Several teams identified the presence of a lead organization or individual to oversee the project, coordinate efforts, maintain accountability, and identify barriers across organizations as a key element for effective collaboration. In addition, increased formal and informal communication allowed stakeholders to learn about their partners and their diverse professional environment over time. Regular communication continued to support a high integration of services even as formal team meetings decreased in frequency. This finding was supported by one team’s past attempts to pursue community collaboration, in which a lack of communication was associated with breaks in acute-to-community care and role ambiguity.
The construction, reinforcement, and defense of professional boundaries are important means by which practitioners understand their profession, establish authority, and maintain their status [19, 20]. Consequently, many individuals experience role changes as threats to their professional identities, particularly when role overlaps require them to relinquish their traditional responsibilities [5, 7] or when professionals have conflicting expectations of each others’ roles [2, 19]. Practitioners can become distrustful and resist collaboration by attempting to reestablish their authority and norms [17, 27], as well as by questioning the value of new interventions [1, 20].
Formal and coordinated interprofessional collaboration is a growing trend and necessary skill in the healthcare sector, emphasizing the integration of health disciplines to provide comprehensive and efficient care for complex health needs. Role clarification is thus a critical process in the shift from traditional systems of silo’d care to an interdisciplinary model, which may require practitioners to adjust their roles to better support collaboration [28, 29]. In this study, we explored the negotiation and delineation of roles in the spread phase of a QI initiative that aimed to foster partnerships between hospitals and community health organizations.
Our data show that QI initiatives can offer unique benefits for role delineation by providing an initial team framework, as well as by providing opportunities for communication between different sites. These meetings, both virtual and in-person, allowed teams to share their experiences, difficulties, and solutions, including those directly or indirectly impacting role clarity. Through its emphasis on multi-tier and interorganizational partnership, the initiative also encouraged in some cases a high degree of role learning between decision makers and frontline staff, while fostering an overall greater appreciation of other health professions along the entire continuum of care in virtually every team. While the process for the former is not clear, teams did note that the national profile of the INSPIRED COPD Collaborative helped to enforce among senior level executives the importance of continuous COPD care and of key health professions. The external accountability of national QI initiatives may thus provide a motive for health care institutions to adopt comprehensive and inclusive improvement strategies. Conversely, the heavy time commitment of participating in the INSPIRED Collaborative reported by all teams may have impeded role clarification. Time constraints are reported as the greatest barrier to resolving role clarity issues as they interfere with the ability of professionals to attend group meetings and to engage in multidirectional, day-to-day consultation [8, 15, 30]. We suggest that future QI initiatives should capitalize on the features that promote role clarification while minimizing the required time commitment.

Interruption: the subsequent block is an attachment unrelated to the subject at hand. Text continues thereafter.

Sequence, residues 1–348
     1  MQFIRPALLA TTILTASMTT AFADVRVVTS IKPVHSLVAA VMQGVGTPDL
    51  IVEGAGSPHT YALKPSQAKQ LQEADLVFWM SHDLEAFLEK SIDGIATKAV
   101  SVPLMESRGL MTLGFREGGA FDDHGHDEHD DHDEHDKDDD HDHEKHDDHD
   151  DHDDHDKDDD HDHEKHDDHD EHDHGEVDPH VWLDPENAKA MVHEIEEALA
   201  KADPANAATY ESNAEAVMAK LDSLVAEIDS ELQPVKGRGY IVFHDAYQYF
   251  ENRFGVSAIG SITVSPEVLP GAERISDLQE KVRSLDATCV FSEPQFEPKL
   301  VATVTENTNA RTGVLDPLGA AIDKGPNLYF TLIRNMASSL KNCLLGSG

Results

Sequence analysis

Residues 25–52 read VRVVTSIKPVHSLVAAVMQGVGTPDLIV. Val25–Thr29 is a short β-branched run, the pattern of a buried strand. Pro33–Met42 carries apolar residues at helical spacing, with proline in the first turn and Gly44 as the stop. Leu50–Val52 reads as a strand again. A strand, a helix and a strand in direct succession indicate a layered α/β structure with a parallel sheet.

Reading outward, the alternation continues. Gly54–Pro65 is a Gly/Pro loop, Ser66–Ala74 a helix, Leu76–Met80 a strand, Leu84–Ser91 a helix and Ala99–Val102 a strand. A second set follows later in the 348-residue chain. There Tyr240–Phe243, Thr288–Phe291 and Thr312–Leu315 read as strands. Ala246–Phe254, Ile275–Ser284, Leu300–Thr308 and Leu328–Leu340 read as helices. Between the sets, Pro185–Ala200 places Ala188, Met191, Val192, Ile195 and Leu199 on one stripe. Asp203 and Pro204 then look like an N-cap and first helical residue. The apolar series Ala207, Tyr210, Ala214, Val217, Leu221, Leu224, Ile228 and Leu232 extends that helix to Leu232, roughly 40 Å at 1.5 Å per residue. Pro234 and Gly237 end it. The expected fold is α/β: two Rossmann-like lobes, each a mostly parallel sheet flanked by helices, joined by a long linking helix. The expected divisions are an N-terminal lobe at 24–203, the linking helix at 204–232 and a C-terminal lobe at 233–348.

The rising prevalence of chronic disease highlights the importance of interorganizational partnerships in supporting continuous patient care from the hospital back into their communities and homes. To successfully integrate care, hospital and community partners need to understand what service resources exist and how responsibilities are distributed between organizations and individuals. We found that communication was crucial for role clarification in the INSPIRED interorganizational partnerships, similar to what is reported among smaller, less diverse teams. Communication that is both formal and informal [6, 8, 13], multidirectional, and frequent  has been suggested as a prerequisite for role clarification because it allows practitioners to explain their roles, suggest areas of contribution, and ask for clarification on their colleagues’ practice. Furthermore, the importance of regular communication supports existing conceptual propositions that role clarification is an iterative process: roles are not adequately defined once, but are negotiated, adapted, and reinforced through day-to-day activities .